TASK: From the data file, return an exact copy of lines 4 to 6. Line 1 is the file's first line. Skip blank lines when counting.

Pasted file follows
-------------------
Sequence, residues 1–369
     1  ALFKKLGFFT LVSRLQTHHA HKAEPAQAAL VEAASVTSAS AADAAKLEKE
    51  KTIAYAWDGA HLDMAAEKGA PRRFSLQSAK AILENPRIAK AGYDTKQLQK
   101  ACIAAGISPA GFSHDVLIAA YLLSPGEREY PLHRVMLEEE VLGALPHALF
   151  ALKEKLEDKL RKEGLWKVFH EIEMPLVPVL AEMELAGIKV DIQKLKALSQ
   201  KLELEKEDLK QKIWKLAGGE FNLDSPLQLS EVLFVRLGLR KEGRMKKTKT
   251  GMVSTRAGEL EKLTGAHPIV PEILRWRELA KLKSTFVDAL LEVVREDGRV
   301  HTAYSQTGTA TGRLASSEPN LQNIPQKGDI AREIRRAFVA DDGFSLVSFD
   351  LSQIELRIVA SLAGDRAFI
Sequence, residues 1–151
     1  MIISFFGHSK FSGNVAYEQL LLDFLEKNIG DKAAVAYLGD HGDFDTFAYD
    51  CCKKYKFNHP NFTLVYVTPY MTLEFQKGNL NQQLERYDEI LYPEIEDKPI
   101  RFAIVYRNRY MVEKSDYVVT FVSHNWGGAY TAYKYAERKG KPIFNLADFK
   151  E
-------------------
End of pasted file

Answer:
   101  ACIAAGISPA GFSHDVLIAA YLLSPGEREY PLHRVMLEEE VLGALPHALF
   151  ALKEKLEDKL RKEGLWKVFH EIEMPLVPVL AEMELAGIKV DIQKLKALSQ
   201  KLELEKEDLK QKIWKLAGGE FNLDSPLQLS EVLFVRLGLR KEGRMKKTKT